From August 2010 to May 2011, a randomized controlled clinical trial in uncomplicated falciparum malaria was conducted to compare two doses of artesunate (AS) (2mg/kg/day versus 4 mg/kg/day for three days) followed by dihydroartemisinin-piperaquine (DHA-PPQ) and a control arm of DHA-PPQ. The goal was characterization of the current efficacy of artesunate in southern Vietnam. The primary endpoint of this study was the parasite clearance half-life; secondary endpoints included the parasite reduction ratios at 24 and 48 hours and the parasite clearance time.
166 patients were recruited into the study. The median parasite clearance half-lives were 3.54 (AS 2mg/kg), 2.72 (AS 4mg/kg), and 2.98 hours (DHA-PPQ) (p=0.19). The median parasite-reduction ratio at 24 hours was 48 in the AS 2mg/kg group compared with 212 and 113 in the other two groups, respectively (p=0.02). The proportions of patients with a parasite clearance time of >72 hours for AS 2mg/kg, AS 4mg/kg and DHA-PPQ were 27%, 27%, and 22%, respectively. Early treatment failure occurred in two (4%) and late clinical failure occurred in one (2%) of the 55 patients in the AS 2mg/kg group, as compared with none in the other two study arms. The PCR-corrected adequate clinical and parasitological response (APCR) rates in the three groups were 94%, 100%, and 100% (p=0.04).
This study demonstrated faster P. falciparum parasite clearance in southern Vietnam than in western Cambodia but slower clearance in comparison with historical data from Vietnam. Further studies to determine whether this represents the emergence of artemisinin resistance in this area are needed. Currently, the therapeutic response to DHA-PPQ remains satisfactory in southern Vietnam.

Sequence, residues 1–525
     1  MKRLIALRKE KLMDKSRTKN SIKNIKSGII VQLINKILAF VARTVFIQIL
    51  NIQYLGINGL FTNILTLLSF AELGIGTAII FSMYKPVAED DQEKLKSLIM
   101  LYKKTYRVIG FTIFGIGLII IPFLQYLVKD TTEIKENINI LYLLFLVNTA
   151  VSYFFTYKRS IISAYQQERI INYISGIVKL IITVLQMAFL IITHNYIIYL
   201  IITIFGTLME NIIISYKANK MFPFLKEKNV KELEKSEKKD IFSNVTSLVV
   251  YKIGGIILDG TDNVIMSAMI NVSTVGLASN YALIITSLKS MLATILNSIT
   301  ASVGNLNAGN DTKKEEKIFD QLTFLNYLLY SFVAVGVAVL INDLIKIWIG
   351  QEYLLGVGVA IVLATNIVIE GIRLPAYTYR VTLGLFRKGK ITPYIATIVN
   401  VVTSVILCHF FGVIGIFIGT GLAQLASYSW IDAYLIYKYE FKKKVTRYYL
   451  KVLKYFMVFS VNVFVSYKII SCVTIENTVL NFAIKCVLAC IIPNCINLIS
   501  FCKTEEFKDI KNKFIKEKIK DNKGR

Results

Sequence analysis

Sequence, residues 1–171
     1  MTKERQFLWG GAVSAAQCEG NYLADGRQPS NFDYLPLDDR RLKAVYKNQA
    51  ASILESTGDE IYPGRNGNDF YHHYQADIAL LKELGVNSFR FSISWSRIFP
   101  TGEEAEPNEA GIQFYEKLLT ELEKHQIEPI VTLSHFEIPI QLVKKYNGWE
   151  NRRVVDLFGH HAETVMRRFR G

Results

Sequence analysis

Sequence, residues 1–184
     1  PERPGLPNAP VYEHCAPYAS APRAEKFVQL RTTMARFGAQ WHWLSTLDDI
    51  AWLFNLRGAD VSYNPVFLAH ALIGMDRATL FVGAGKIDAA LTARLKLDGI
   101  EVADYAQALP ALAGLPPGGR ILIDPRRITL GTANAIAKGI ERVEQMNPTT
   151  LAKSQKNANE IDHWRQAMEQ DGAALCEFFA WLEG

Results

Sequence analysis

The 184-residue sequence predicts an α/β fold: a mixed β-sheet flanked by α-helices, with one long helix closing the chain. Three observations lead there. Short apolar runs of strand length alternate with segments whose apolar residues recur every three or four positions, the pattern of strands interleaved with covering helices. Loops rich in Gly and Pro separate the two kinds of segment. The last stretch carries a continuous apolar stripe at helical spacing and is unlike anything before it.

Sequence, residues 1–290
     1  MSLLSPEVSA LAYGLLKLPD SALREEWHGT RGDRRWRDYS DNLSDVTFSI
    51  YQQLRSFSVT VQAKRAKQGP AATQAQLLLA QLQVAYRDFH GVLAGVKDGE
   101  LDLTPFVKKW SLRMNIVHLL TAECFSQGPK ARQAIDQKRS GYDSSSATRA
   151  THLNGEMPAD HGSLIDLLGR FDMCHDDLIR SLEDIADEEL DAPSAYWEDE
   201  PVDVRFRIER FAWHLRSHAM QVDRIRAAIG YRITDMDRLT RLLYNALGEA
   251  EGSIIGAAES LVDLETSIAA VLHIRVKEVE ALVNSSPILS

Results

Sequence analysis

Plasmodium falciparum; Artesunate; Parasite clearance half-life; Parasite reduction ratio; Parasite clearance of >72 hours
Artemisinin-based combination therapies are the most effective drugs to treat Plasmodium falciparum malaria. Reduced sensitivity to artemisinin monotherapy, coupled with the emergence of parasite resistance to all partner drugs, threaten to place millions of patients at risk of inadequate treatment of malaria. Recognizing the significance and immediacy of this possibility, the Fogarty International Center and the National Institute of Allergy and Infectious Diseases of the U.S. National Institutes of Health convened a conference in November 2010 to bring together the diverse array of stakeholders responding to the growing threat of artemisinin resistance, including scientists from malarious countries in peril. This conference encouraged and enabled experts to share their recent unpublished data from studies that may improve our understanding of artemisinin resistance. Conference sessions addressed research priorities to forestall artemisinin resistance and fostered collaborations between field- and laboratory-based researchers and international programs, with the aim of translating new scientific evidence into public health solutions. Inspired by this conference, this review summarizes novel findings and perspectives on artemisinin resistance, approaches for translating research data into relevant public health information, and opportunities for interdisciplinary collaboration to combat artemisinin resistance.
We conducted an open-label, randomized clinical trial to assess parasite clearance times (PCT) and the efficacy of 4 mg/kg (group 1, n = 22) and 2 mg/kg (group 2, n = 22) of oral artesunate for three days followed by artemether-lumefantrine in patients with uncomplicated Plasmodium falciparum malaria at Xepon Interdistrict Hospital, Savannakhet Province in southern Laos. Slides were read in duplicate. The overall mean (95% confidence interval; range) PCT in hours was 23.2 (21.2–25.3; 12–46) and 22.4 (20.3–24.5; 12–46) for the first and second microscopists, respectively (P = 0.57). Ten (23%) patients remained parasitemic on day 1 after treatment (4 [18%] in group 1 and 6 [27%] in group 2; P = 0.47). No patient had patent asexual parasitemia on the second and third days of treatment. The 42-day polymerase chain reaction–corrected cure rates were 100% in both treatment groups. Serious adverse events did not develop during or after treatment in any patients. In conclusion, no evidence of P. falciparum in vivo resistance to artesunate was found in southern Laos.